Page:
Jeremy Corbyn has stormed to victory with an increased mandate in his second Labour leadership contest, with 61.8 per cent of the vote.
The Labour leader won 59 per cent of the member vote, 70 per cent of registered supporters’ votes and 60 per cent of affiliated supporters’ votes.
His triumph confirms for any remaining doubters the party’s shift to the left – in 2015, he had won 59.5 per cent of the vote.
Owen Smith, the challenger, received 38.2 per cent of the vote. He was reported to have conceded defeat moments before the official result.
The turn out was 77.6 per cent, with 506,438 valid votes cast.
Both men ran on a similar platform of opposition to austerity and zero-hours contracts, but Corbyn commanded the support of the majority of grassroots activists and party members.
In his victory speech, he struck a conciliatory note, thanking volunteers on both teams and telling Smith: “We are part of the same Labour family.”
He said: “I will do everything I can to repay the trust and support, to bring our party together.”
Pledging to make Labour an engine of change, he urged party members to “wipe the slate clean” after a summer of sniping and work together.
“We are proud as a party that we’re not afraid to discuss openly, to debate and disagree. That is essential for a party that wants to change people’s lives for the better,” he said.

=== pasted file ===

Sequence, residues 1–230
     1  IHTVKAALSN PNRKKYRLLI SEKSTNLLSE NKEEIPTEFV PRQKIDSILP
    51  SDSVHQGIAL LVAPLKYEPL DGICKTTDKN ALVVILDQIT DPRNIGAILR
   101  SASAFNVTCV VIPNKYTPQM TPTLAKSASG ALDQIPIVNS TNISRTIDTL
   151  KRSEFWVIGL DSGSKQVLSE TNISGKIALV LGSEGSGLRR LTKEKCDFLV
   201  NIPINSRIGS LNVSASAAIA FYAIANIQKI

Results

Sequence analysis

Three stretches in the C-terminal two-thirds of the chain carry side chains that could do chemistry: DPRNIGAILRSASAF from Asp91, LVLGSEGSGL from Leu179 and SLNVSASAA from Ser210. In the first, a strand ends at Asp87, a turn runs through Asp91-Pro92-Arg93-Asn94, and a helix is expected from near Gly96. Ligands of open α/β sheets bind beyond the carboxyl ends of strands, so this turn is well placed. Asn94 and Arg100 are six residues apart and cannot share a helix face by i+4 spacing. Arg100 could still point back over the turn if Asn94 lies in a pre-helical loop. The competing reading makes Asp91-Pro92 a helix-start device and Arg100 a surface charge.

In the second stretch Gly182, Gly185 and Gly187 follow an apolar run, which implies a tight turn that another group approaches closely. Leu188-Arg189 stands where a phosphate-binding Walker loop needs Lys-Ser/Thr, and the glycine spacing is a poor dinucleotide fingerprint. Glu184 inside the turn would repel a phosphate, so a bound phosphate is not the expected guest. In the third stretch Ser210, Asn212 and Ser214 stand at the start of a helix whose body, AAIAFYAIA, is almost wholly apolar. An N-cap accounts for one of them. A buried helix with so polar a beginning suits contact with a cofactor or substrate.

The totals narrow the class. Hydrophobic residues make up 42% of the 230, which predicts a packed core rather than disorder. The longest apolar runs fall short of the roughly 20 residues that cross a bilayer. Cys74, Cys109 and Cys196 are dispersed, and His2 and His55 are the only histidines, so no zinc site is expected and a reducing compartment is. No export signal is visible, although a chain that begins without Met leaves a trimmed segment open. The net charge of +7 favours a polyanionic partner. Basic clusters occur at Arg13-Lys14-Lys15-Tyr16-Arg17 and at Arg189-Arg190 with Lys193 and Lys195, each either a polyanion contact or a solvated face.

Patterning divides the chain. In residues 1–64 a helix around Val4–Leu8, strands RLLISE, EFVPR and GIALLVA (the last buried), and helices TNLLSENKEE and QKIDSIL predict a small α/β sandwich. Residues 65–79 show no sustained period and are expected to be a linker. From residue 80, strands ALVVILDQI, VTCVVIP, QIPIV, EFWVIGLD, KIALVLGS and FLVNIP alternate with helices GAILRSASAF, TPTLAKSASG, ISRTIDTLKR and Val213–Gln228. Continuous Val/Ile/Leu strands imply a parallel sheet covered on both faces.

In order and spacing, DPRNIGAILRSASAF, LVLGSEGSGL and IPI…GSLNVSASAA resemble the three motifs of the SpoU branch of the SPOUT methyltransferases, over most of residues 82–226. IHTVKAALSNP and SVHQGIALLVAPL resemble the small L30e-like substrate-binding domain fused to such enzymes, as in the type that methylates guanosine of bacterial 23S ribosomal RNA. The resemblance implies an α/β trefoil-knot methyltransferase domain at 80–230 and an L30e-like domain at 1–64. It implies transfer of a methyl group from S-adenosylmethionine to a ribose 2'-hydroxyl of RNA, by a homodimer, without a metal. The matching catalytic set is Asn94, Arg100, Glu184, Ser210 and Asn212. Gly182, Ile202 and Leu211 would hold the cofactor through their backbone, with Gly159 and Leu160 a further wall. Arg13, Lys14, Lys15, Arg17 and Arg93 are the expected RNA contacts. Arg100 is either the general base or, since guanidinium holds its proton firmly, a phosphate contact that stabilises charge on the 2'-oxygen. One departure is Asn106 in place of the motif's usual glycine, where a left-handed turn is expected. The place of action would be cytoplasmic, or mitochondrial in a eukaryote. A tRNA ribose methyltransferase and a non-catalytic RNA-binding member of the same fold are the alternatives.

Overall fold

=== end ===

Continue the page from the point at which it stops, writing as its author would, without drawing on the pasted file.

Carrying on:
Noting the party had tripled its membership since last spring, he urged members to take Labour’s message into every community, and said the party had a duty of care to its members: “Politics is demeaned and corroded by intimidation and abuse. It’s not my way, and it’s not the Labour way, and never will be.”
Smith, by contrast, stepped forward to represent disaffected Labour MPs, who were unimpressed with Corbyn’s campaign during the EU referendum and feared he was unelectable.
Corbyn’s victory will at least temporarily quash any rival leadership bids, but it nevertheless leaves the leader with a headache.
After the vote for Brexit, a wave of resignations emptied Corbyn’s shadow cabinet, and he has not succeeded in fully refilling it. He now faces the choice of building bridges with the parliamentary Labour party, or going down the more radical route of reshaping the party itself.
Much hinges on the decision of the National Executive Committee on whether to allow elected shadow cabinet positions, which could potentially offer a way back in for anti-Corbyn MPs. But if such elections extended to grassroots members, this could also end up isolating them further.